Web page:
by Minnie Elwood

“What is public art?”

I hear the question often, usually right after I tell someone of my internship at an arts and culture organization. Put simply, any artwork openly displayed for people to see and experience—excluding those behind the walls of a private collection or museum—qualifies as public art. Public art can be found all over our parks, schools, libraries, airports and streets.

1. Public art visualizes a message or idea

Public art is far more than simple decoration. In fact, the underlying intention behind artworks and installations vary tremendously. Some pieces recognize specific issues, or celebrate important causes.

It encompasses a wide range of compelling topics that everyone interprets differently, allowing people to share opinions and experiences that may otherwise go unfelt.

Jaume Plensa’s Tolerance in Buffalo Bayou Park, as an example, exemplifies the unifying qualities of public art. The seven huge metal figures represent the seven continents, celebrating our unique differences as humans but emphasizing our central desires for peace and prosperity between nations.

Inside Houston Police Department’s South Gessner Police Station, Tara Conley’s You Have The Right To Remain Silent fills the hallways with various bronze cast phrases. Lines like “They held me to my highest possibility” and “I miss my good friend” provoke thoughtful consideration for a profession as emotionally challenging as it is physical, honoring the men and women that work to keep Houston’s streets safe.

Murals like John Biggers’ The Quilting Party, currently found at Wortham Theater Center, illustrate a complex narration of black women in the south and their influence on history as well as the artist himself.

It’s the bronze statue that has stood for longer than you can remember – like Hermann Park’s Sam Houston Monument or the standing sentinels of an entryway – like the futuristic Radiant Fountains at Bush Intercontinental Airport. Public art exists to enrich our lives or educate, and can more often than not be recognized by one of three functions.

2. Public art honors people, places and events

Some public artworks memorialize important historical events or celebrate the lives and sacrifices of historical figures. These artworks keep us connected to the past, the people and the events that shaped our present world, encouraging us to build a better future.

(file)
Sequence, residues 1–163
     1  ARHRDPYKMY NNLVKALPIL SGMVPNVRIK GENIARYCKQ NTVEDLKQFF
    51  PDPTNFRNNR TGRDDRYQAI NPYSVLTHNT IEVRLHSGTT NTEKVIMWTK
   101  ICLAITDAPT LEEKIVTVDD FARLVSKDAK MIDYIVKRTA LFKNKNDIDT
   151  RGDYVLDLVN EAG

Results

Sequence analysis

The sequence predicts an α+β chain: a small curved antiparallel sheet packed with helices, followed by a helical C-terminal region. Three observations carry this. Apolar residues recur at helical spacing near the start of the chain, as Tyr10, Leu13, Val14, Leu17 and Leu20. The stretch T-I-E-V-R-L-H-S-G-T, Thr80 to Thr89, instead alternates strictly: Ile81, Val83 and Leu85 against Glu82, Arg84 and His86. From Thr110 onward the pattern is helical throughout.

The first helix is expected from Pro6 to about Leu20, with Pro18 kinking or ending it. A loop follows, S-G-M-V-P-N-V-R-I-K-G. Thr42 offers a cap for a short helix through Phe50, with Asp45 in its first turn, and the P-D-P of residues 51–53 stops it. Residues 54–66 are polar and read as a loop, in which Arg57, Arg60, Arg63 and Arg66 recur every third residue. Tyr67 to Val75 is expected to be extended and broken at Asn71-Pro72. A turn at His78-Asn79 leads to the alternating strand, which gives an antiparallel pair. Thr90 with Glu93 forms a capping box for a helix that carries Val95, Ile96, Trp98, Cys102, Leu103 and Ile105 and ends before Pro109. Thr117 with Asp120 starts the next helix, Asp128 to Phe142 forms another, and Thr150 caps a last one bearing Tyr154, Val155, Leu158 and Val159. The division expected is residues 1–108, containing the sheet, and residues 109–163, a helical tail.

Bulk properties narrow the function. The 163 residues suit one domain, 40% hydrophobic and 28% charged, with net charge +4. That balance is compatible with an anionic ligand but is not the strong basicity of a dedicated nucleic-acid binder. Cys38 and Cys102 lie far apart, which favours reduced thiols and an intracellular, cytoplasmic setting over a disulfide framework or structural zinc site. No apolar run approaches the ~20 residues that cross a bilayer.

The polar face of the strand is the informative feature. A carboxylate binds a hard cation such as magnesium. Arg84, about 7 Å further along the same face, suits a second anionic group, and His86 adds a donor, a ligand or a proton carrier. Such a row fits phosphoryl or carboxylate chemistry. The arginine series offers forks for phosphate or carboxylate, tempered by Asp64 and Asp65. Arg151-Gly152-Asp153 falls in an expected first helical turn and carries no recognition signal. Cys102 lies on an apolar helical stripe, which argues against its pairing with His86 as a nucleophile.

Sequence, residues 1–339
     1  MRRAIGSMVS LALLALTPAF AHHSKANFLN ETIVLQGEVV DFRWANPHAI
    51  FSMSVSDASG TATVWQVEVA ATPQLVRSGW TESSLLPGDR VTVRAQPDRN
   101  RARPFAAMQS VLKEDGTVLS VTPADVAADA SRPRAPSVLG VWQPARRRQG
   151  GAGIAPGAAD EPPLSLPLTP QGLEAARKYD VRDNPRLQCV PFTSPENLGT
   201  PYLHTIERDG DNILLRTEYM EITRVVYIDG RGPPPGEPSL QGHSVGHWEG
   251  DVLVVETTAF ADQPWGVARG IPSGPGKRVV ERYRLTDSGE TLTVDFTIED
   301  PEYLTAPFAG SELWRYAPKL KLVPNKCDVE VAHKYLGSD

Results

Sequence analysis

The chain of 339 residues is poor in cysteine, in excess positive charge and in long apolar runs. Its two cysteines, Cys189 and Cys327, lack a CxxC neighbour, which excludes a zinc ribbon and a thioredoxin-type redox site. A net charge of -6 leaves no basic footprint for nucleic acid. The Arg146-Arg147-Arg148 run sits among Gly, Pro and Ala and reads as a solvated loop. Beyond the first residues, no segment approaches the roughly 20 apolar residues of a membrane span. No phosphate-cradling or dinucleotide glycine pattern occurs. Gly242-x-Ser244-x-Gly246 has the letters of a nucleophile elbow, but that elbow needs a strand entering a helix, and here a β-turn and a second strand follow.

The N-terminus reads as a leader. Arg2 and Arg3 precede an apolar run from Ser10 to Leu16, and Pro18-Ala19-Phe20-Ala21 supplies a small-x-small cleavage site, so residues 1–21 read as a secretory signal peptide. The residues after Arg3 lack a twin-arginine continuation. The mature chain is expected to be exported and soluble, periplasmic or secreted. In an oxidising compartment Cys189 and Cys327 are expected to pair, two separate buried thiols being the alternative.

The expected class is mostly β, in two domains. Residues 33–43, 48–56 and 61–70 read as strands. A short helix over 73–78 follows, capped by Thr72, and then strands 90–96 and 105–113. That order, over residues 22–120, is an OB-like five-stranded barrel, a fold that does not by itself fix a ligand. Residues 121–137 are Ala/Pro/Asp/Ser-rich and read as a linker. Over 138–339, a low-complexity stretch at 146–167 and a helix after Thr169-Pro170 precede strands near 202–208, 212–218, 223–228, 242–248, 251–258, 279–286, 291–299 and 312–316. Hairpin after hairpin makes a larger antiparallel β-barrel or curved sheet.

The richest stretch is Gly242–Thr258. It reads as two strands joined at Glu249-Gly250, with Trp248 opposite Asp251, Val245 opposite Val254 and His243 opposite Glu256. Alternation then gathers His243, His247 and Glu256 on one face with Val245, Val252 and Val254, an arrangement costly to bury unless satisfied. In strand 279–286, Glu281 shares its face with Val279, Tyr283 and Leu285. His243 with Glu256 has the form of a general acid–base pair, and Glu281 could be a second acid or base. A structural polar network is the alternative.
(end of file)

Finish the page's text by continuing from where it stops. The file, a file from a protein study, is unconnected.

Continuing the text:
Hermann Park’s iconic memorial of Sam Houston (by Enrico Cereacchio) is universally recognized by all Houstonians and stands as a reminder of the hard work it took to found our city.

Hermann Park’s Centennial Gardens is home to statues of Dr. Martin Luther King Jr., Mahatma Ghandi, Confucius, and other influential historical figures. These statues allow park visitors to remember these individual’s lives and consider the impact they made on the world.

Larger installations like Houston Heights’ World War II Memorial commemorate the hundreds of Houstonians that served and lost their lives in the Second World War.

3. Public art serves a practical purpose

Public art often solves a functional, physical need or creates a spatial activation.

Chris Sauter’s Somewhere Between Here And There functions as both art and seating. Giant cement letters spell out the piece’s title and compliment the airport’s role as an intermediate place between destinations.

Back in Hermann Park, Jesus Moroles’ Moonscape Bench overlooks McGovern Lake, giving park visitors a dynamic lounge for relaxing under swaying pine branches, or feeding ducks.

At Discovery Green, Margo Sawyer’s Synchronicity of Color houses stairwells that lead to underground parking garages – both Red and Blue in a complex pattern of colorful squares.

Regardless of an artwork’s function, at the heart of every work is an artist working to enrich the life of everyday people, no matter where or who they are. It’s worth appreciating and celebrating.

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